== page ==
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I cannot seem to force a layout in Swing. I have a JComponent added to a JLayeredPane and I set a border on the JComponent. Then, I want to immediately re-draw everything - not in the sense of "please do this asap" like invalidate(), but synchronously and immediately. Any help? I cannot seem to find the right method of doing this, and all my reading about invalidate(), validate(), repaint(), doLayout(), etc is just confusing me more!

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2 Answers

According to this (see the section titled "Synchronous Painting") the paintImmediately() method should work.

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I have tried this - myComponent.paintImmediately(myComponent.getBounds). No luck :( I think this may be because changing the border requires a new layout pass due to the border using some extra pixels on each side of the object –  Hamy Jan 21 '11 at 17:27
    
paintImmediately may be the way to go, but you still need to post it as an event using invokeLater or invokeAndWait, I think. –  phooji Jan 21 '11 at 17:36
    
@Hamy Have you tried calling it on the parent component, that might allow for the layout change. –  Jonathan Jan 21 '11 at 19:11
    
Just tried it, no luck :/ –  Hamy Jan 21 '11 at 20:58
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The most reliable way to get Swing to update a display is to use SwingUtilities.invokeLater. In your case, it would look something like

SwingUtilities.invokeLater(new Runnable {
                             public void run() { 
                                somecomponent.repaint();
                             }
                           });

I realize the 'invokelater' does not exactly sound like it does anything immediate, but in practice, events posted in this way tend execute pretty quickly compared to just calling e.g. somecomponent.repaint() directly. If you absolutely must make your control code wait for the GUI to update, then there is also invokeAndWait, but my experience is that this is rarely necessary.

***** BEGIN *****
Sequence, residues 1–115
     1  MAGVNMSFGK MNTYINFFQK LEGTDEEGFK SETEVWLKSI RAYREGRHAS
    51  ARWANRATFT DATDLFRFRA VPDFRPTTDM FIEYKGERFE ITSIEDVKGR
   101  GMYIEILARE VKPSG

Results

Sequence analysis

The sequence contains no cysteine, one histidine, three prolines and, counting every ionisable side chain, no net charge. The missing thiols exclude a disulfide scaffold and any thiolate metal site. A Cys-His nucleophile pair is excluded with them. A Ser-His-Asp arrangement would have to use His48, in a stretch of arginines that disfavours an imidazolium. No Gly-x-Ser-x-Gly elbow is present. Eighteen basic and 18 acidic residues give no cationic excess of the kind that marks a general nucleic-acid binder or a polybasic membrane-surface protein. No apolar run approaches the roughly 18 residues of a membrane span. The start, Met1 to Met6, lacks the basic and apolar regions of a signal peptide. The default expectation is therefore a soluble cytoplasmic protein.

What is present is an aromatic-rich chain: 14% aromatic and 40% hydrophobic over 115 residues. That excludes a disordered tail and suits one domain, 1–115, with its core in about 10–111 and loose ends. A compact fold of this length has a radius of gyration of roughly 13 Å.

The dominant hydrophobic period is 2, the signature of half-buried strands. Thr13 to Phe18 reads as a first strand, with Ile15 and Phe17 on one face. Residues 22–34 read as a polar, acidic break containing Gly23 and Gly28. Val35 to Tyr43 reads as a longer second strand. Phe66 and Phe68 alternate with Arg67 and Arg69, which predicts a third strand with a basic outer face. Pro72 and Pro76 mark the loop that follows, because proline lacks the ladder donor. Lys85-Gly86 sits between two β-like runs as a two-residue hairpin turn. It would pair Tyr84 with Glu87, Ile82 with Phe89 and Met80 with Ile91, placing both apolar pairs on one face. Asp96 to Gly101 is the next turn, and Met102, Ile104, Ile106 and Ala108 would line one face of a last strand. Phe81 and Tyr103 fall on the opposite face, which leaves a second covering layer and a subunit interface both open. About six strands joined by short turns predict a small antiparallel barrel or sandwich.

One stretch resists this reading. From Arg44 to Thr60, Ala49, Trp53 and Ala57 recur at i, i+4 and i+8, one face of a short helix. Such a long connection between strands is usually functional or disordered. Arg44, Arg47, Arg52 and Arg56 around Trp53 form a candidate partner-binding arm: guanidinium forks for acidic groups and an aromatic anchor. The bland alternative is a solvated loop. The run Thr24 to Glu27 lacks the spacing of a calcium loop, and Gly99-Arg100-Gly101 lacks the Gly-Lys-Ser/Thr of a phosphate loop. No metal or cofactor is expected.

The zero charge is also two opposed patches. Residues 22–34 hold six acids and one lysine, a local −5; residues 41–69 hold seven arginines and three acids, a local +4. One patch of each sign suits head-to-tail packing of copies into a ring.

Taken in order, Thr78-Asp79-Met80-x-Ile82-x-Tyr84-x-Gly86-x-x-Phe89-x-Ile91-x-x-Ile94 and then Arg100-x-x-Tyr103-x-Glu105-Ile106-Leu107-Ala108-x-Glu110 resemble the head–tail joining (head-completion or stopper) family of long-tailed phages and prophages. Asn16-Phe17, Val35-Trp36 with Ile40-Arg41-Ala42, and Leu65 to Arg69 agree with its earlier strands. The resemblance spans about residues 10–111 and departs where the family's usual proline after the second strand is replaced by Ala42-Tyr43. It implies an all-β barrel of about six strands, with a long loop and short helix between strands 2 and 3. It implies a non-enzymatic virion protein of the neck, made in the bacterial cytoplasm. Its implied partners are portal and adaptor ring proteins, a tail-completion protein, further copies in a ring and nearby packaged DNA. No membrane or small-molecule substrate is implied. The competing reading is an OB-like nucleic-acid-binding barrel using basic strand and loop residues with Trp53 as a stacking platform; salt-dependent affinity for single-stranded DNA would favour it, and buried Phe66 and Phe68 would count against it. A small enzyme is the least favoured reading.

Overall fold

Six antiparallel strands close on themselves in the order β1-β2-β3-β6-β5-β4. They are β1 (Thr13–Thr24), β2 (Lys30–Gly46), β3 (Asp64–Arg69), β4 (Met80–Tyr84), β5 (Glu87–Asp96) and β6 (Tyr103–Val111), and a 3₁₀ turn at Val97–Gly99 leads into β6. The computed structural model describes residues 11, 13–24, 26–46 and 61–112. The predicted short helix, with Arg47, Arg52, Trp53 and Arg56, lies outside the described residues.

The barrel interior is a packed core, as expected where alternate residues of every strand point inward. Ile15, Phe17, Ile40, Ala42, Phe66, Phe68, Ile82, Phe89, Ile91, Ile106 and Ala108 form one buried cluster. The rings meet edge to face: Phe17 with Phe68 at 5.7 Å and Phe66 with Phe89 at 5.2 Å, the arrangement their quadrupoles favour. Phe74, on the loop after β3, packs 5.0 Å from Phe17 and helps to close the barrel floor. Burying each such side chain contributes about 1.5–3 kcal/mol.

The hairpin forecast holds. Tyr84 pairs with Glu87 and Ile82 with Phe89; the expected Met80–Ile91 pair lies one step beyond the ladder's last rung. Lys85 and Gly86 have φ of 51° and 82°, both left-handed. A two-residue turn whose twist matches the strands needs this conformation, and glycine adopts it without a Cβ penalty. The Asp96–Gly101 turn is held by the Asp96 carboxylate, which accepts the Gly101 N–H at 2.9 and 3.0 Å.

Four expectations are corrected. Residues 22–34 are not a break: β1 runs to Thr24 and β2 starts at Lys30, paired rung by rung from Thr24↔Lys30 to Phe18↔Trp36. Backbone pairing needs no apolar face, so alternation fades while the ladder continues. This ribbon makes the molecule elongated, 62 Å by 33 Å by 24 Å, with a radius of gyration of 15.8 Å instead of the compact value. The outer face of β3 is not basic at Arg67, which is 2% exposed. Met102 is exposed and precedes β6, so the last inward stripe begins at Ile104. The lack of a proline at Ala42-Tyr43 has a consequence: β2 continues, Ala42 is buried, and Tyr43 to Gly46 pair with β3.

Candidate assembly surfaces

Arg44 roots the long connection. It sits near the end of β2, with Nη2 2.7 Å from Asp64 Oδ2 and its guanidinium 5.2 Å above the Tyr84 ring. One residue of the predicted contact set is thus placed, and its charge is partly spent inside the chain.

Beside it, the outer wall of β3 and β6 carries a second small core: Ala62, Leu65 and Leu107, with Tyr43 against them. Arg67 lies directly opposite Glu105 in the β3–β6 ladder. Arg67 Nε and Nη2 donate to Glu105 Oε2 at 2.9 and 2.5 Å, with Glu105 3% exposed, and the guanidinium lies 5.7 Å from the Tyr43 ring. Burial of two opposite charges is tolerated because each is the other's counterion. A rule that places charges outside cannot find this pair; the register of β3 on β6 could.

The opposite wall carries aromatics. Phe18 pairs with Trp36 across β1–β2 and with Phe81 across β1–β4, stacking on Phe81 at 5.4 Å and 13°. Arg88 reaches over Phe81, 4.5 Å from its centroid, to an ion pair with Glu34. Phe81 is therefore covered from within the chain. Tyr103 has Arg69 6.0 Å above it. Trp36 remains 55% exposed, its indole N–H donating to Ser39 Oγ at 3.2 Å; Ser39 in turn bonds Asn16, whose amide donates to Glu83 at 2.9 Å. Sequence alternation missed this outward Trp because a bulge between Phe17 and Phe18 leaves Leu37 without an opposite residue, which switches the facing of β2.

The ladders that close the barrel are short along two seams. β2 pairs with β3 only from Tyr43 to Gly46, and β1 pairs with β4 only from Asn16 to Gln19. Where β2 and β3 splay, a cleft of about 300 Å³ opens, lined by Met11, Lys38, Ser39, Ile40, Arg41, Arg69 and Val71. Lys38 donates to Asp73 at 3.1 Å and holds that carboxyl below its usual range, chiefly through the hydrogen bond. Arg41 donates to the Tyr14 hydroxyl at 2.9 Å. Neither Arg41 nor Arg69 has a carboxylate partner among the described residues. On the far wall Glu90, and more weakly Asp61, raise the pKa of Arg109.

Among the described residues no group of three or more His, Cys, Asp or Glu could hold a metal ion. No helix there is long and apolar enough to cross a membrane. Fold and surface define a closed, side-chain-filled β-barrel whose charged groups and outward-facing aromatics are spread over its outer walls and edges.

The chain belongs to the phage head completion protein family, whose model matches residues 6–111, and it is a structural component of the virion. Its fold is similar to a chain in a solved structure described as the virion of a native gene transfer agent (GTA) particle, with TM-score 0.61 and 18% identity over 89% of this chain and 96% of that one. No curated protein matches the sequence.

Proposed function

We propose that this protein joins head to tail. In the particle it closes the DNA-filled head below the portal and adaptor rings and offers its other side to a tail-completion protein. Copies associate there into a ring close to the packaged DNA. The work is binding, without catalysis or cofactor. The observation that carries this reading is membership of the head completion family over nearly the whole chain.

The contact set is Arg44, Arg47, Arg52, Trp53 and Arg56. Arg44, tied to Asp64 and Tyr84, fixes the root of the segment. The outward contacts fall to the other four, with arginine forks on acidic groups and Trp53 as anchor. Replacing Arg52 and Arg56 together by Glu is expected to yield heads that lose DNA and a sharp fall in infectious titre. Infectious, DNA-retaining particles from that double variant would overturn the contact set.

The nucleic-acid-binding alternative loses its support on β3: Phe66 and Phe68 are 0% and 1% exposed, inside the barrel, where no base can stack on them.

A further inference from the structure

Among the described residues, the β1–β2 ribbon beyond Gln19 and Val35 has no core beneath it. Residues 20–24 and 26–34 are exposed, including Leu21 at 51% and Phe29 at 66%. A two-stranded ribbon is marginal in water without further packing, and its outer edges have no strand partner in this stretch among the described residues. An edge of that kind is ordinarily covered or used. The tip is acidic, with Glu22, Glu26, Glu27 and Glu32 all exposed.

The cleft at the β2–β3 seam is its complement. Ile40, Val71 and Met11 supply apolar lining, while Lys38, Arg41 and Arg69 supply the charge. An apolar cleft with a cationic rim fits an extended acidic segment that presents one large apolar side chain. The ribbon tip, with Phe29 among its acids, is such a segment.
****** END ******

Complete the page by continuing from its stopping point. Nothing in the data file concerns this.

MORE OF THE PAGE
See also: document on event dispatch in Swing.

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Unfortunately neither of those will work for my impl :/ I need the GUI update to happen immediately, not after the pending events have been processed. It's due to a flaw in my design that I need it this way, but unfortunately changing it would set me back almost two weeks and I have a deliverable tomorrow :/ –  Hamy Jan 21 '11 at 17:28
    
Ok try this: use invokeAndWait, then inside the runnable call paintImmediately on the outer container. I think this is as close as you can get using Swing -- it will override previous calls to 'repaint,' if I'm not mistaken. –  phooji Jan 21 '11 at 17:35
    
Unfortunately that didn't work either. To call invokeAndWait you have to spawn a new Thread. I have a very slow event happening immediately after this painting, and it begins execution before the runnable is started, resulting in the GUI freezing without this paint call having been performed yet –  Hamy Jan 21 '11 at 20:58
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The invokeAndWait call does not spawn a new thread -- it just adds your Runnable to the event queue, and then blocks your current thread until the event is called. If you're still not seeing the 'change' when using invokeAndWait, then you're most likely repainting the wrong object. One way to check is to add debug output to your component's (g)paint method. –  phooji Jan 21 '11 at 21:24
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